ADA Parking Lot Requirements

The American Disabilities Act (ADA) was passed in 1990 to ensure that all Americans have equal access and opportunities, including Americans with any type of disability. ADA compliance requirements include parking lot features, and new or renovated parking lots must pass an ADA compliance check. 

ADA compliance is a national standard and does not include codes that may be specific to your state or town. This means your new parking lot could meet national standards and still fail to meet state or municipal requirements. Today, we’re looking at national ADA requirements for parking lots. 

Parking spaces

The ADA standards were updated in 2010, and the full text of the 2010 ADA Standards for Accessible Design can be found at For information on parking spaces, refer to Chapter 5- General Site and Building Spaces, Section 502: Parking Spaces.

The number of designated accessible parking spaces depends on the size of the parking lot and the total number of spaces. The ADA National Network website has a fact sheet with the number of required spaces under the  Accessible Parking Fact Sheet. Download it for quick reference on all parking lot jobs.

  • According to the fact sheet, a parking lot of up to 25 spaces only needs one accessible parking space, but that space must also be a van accessible space. A lot with 26 to 50 spaces needs two accessible spaces, with one of these van accessible. You can review the list for parking lots up to 1,000 spaces and beyond. 
  • This sheet also details requirements for medical facilities, which require more accessible spaces, and exceptions to these requirements, including parking lots exclusively used for buses and delivery trucks.
  • An accessible parking space must be 96 inches wide (minimum) or 132 inches wide for van accessibility. These spaces must have an adjacent access aisle of 60 inches (minimum) extending the parking space’s full length.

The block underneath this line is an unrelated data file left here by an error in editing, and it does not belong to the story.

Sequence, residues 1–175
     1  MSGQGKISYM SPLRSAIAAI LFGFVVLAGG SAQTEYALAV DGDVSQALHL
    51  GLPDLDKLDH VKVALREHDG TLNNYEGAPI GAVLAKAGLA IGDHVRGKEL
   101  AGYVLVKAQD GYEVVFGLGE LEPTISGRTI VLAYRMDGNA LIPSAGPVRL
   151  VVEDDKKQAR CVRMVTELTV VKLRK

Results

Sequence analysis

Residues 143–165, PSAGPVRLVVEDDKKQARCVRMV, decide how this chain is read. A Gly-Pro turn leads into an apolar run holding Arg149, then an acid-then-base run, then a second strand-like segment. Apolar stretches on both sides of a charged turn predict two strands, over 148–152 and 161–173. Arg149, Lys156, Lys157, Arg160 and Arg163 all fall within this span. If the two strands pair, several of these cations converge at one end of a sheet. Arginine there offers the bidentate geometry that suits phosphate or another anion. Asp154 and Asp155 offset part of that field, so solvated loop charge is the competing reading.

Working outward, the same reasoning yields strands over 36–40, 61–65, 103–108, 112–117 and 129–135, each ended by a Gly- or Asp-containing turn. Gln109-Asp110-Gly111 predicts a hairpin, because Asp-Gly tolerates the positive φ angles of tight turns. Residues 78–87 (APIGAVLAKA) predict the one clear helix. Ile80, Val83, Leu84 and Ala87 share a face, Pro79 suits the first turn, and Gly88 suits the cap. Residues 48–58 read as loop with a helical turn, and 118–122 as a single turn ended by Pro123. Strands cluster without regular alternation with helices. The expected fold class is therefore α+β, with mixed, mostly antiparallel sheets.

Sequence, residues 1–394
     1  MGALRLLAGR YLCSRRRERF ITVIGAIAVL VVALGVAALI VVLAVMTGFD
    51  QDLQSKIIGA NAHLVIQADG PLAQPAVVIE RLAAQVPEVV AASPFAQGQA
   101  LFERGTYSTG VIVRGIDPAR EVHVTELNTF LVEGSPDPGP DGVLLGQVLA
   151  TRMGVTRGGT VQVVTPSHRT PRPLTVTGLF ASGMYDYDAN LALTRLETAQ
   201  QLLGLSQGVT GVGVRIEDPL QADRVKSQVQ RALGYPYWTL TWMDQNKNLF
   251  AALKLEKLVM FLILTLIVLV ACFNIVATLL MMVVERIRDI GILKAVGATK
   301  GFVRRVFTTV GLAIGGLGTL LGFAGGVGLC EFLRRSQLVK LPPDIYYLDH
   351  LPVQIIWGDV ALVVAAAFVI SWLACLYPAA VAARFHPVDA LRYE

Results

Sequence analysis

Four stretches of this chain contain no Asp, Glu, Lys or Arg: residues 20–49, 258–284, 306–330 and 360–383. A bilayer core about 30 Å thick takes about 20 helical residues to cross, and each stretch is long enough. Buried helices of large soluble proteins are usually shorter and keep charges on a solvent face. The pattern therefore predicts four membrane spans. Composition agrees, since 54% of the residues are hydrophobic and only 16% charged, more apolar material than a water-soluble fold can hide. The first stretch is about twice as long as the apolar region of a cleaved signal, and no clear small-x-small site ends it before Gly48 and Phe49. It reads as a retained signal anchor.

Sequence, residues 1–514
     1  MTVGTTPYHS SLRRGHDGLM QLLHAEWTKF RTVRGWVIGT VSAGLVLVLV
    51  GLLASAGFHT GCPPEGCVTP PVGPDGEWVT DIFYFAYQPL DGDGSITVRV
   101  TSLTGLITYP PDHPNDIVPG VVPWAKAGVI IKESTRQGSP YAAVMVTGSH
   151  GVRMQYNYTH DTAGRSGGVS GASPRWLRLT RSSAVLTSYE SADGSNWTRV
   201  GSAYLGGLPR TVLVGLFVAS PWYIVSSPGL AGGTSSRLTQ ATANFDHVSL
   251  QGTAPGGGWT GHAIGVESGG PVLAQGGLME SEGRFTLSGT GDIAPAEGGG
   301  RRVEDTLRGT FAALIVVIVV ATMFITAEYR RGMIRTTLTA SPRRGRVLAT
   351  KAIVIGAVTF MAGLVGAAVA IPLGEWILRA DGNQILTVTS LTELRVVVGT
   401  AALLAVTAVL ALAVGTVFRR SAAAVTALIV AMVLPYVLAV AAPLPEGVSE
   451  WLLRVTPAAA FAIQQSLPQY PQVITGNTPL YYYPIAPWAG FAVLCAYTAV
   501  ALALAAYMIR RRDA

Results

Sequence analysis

• One in every six accessible spaces should also be van accessible. Angled van accessible spaces should have an access aisle on the passenger side. Access aisles should connect to an accessible path that is clear of any obstructions. 

Accessible Aisles and Paths

Part of ADA compliance when constructing or restriping a parking lot is ensuring accessible aisles and paths. The ADA has strict specifications for these aisles and paths.

  • Accessible parking must be clearly marked by signs and a recognized accessible symbol.
  • Access aisles should be painted to discourage the use of the aisles as parking spaces. 
  • Accessible parking and access aisles and walkways should be built on the most level ground possible. The slope must be no greater than 1:48 inches for accessible parking spaces. 
  • Don’t forget anti-slip paint when painting the access aisles and walkways. Diagonal stripes are commonly used to denote accessible aisles and walkways. 


Speaking of paint, let’s look at how to stripe accessible spaces in a parking lot. Even though the ADA standards are over 30 years old, there is still some confusion when it comes to striping these spaces.

The ADA recognized this and created a handy ADA Compliance Brief: Restriping Parking Spaces.

  • Paint for accessible parking spaces and walkways must be a contrasting color from the paint used to stripe the rest of the parking spaces. Commonly used colors are blue and white. Check to see if your city or state mandates a color for accessible spaces. 
  • The international symbol of access is often included inside accessible parking spaces. This is not mandated federally but check with local or state guidelines. 
  • A sign marking the space as accessible is required. Post one sign for each accessible space. 
  • Non-accessible parking spaces are striped in a color contrasting the accessible spaces. If blue or white is used for accessible spaces, yellow can be used for other striping.

Asphalt Pro magazine has an informative article on ADA striping called How to Stripe ADA Compliant Parking Lots

Curb Ramp Requirements

Our final section on ADA parking lot requirements is on curb ramp requirements. These requirements are listed in Chapter 4 (Accessible Routes) Section 406 in the 2010 ADA Standards for Accessible Design. The specifications are:

  • Counter slopes should be no greater than 1:20 inches for connecting surfaces.
  • The maximum slope of the sides of the curb ramp should be no greater than 1:10 inches.
  • Landings are required at the top of every curb ramp, with a minimum length of 36 inches and a width matching the curb ramp. 
  • It is recommended that the curb ramp be painted a visible color and that reflective paint or tape be added to the edges for visibility. 
  • Curb ramps should not stick out into accessible aisles, parking spaces, or traffic lanes.

Though ADA parking lot requirements take a little extra time, they ensure everyone can access the parking lot safely and easily. It’s a job worth doing right and hitting each requirement for the sake of inspections and for those who use and appreciate the accessible features. 

We would like to thank Jeff Gau, at St. Louis Paving, for suggesting this article topic.